Signs of friction were on show as hundreds of people began to congregate in Tahrir Square late on Tuesday, pitching tents in winter rain and hanging the national flag from buildings.

"The military council is Mubarak," said Amr al-Zamlout, a 31-year-old protester clutching a sign declaring "there is no change" and stating his aim was to topple the army rulers.

Mohamed Othman, an accountant, stopped to put forward a different view based on the idea that Egypt needs stability for economic recovery, not more protests.

"The council will leave power in any case. Sure the revolution is incomplete but it doesn't mean we should obstruct life," he said. His criticism quickly drew a crowd and touched off an argument.

Grocery stores were unusually busy as shoppers stocked up, reflecting concern at the prospect of a repeat of last year when protests went on for 18 days before Mubarak was forced to step down on February 11.

Protests against the military council turned violent in November and December.

White House praise
The United States, a close ally of Egypt under Mubarak, praised "several historic milestones in its transition to democracy" this week, including the convening of parliament.

"While many challenges remain, Egypt has come a long way in the past year, and we hope that all Egyptians will commemorate this anniversary with the spirit of peace and unity that prevailed last January," a White House statement said.

Headed by Field Marshal Mohamed Hussein Tantawi, the military council has said it will cede power to an elected president by the end of June, thus completing a democratic transition.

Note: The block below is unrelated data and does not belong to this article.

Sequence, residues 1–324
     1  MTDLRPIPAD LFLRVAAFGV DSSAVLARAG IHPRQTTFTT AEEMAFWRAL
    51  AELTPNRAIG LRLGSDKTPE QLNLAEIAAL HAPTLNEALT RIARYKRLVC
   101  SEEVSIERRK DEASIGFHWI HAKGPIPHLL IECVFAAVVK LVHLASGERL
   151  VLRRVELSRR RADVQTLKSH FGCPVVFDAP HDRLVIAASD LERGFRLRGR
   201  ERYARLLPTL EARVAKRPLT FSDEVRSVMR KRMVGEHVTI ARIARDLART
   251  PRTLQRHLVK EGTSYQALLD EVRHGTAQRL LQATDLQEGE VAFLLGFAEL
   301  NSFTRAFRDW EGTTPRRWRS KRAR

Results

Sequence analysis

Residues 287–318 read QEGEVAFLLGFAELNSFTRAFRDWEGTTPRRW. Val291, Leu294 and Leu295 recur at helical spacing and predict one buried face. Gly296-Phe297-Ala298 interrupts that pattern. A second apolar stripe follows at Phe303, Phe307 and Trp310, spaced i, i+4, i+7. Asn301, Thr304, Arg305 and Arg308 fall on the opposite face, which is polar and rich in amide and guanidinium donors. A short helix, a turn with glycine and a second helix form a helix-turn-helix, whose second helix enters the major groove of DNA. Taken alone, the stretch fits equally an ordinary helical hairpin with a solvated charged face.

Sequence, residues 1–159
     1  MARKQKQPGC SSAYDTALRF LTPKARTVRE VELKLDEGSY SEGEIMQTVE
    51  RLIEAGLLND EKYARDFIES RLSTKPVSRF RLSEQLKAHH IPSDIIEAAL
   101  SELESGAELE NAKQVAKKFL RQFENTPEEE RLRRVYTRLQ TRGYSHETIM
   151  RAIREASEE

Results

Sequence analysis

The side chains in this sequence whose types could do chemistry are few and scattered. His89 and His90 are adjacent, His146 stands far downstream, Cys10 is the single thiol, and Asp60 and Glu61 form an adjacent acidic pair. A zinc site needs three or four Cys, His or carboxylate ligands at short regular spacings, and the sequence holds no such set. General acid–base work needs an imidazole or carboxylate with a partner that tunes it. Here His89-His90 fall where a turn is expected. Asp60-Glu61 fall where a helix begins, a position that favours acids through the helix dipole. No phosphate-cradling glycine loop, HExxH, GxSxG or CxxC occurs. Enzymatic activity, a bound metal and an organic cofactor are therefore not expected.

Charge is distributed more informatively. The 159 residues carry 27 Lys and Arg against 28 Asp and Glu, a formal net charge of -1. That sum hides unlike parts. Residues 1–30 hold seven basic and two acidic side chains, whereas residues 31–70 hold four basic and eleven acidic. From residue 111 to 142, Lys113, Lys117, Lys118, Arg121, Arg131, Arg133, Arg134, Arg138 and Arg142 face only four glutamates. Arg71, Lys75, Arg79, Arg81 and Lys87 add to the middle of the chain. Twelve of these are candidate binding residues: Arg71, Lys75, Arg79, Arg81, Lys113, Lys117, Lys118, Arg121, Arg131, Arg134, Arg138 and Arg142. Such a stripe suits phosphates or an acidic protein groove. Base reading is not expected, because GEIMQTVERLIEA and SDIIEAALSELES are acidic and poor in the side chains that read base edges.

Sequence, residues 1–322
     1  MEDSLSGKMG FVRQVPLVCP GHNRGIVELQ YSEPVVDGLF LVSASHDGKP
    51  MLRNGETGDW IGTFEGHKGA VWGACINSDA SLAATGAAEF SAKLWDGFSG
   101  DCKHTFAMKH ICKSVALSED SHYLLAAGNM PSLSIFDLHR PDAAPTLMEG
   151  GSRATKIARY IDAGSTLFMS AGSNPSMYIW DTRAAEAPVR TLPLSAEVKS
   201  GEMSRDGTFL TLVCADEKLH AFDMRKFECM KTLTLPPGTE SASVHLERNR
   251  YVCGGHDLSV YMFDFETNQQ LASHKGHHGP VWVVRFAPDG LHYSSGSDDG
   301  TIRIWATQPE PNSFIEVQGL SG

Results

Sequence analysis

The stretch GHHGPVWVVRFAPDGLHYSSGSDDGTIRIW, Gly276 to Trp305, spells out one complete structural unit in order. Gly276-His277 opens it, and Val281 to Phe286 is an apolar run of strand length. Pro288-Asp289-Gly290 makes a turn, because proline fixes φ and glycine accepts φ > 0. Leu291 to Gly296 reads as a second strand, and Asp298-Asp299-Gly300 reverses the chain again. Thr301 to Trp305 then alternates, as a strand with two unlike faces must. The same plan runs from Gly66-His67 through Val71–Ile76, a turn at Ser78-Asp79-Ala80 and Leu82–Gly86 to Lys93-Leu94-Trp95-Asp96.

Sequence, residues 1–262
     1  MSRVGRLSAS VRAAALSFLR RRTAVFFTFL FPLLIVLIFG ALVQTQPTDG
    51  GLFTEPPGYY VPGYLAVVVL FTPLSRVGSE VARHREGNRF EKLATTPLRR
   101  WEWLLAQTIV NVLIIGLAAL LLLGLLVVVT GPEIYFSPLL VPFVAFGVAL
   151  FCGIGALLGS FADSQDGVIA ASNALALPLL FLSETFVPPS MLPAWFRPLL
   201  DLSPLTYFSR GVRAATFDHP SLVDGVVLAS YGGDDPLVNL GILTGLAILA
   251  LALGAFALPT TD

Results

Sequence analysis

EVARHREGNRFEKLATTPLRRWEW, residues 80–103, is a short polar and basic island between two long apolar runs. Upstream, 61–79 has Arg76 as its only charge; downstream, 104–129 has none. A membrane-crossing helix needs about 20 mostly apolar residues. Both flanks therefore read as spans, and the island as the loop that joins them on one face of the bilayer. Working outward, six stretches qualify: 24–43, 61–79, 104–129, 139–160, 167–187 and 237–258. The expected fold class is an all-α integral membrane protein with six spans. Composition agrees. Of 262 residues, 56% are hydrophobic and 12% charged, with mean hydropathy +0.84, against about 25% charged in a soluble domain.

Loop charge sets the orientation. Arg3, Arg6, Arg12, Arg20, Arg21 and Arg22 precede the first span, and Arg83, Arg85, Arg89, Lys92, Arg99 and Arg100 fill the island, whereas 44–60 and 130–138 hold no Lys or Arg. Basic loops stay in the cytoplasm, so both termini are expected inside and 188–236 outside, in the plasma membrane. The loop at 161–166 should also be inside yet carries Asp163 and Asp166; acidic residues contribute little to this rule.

Yet pro-democracy activists doubt their intentions, pointing to a surge in military trials and the use of violence against protesters as signs of autocratic ways familiar from the Mubarak era.

Tantawi, for two decades Mubarak's defense minister, again defended the military from such accusations during a televised speech on Tuesday. "The nation and the armed forces had one aim: for Egypt to become a democratic state," he said.

In an apparent attempt to appease reformist demands, the military council has in recent days pardoned some 2,000 people convicted in military courts since Mubarak was toppled. On Tuesday it announced a partial lifting of a state of emergency.

But it kept a clause saying emergency laws in place since 1981 would still apply in cases of "thuggery," a vague term that triggered calls for clarification from Washington and more criticism from human rights groups.

The activist movement, a coalition of groups united in calls for deeper and faster reform, have been fighting back in the run-up to the anniversary against what they describe as state efforts to present them as foreign-backed trouble makers.

The leader of the Muslim Brotherhood, the Islamist group which won nearly half the seats in the parliament, said last week he was against calls for a new revolt against the military.

"I hope we will go down together to be joyful at what we have accomplished, to guard our Egypt and to complete the demands of the revolution," Mohamed Badie said in an interview with Egypt's Dream TV.

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Reuters contributed to this report.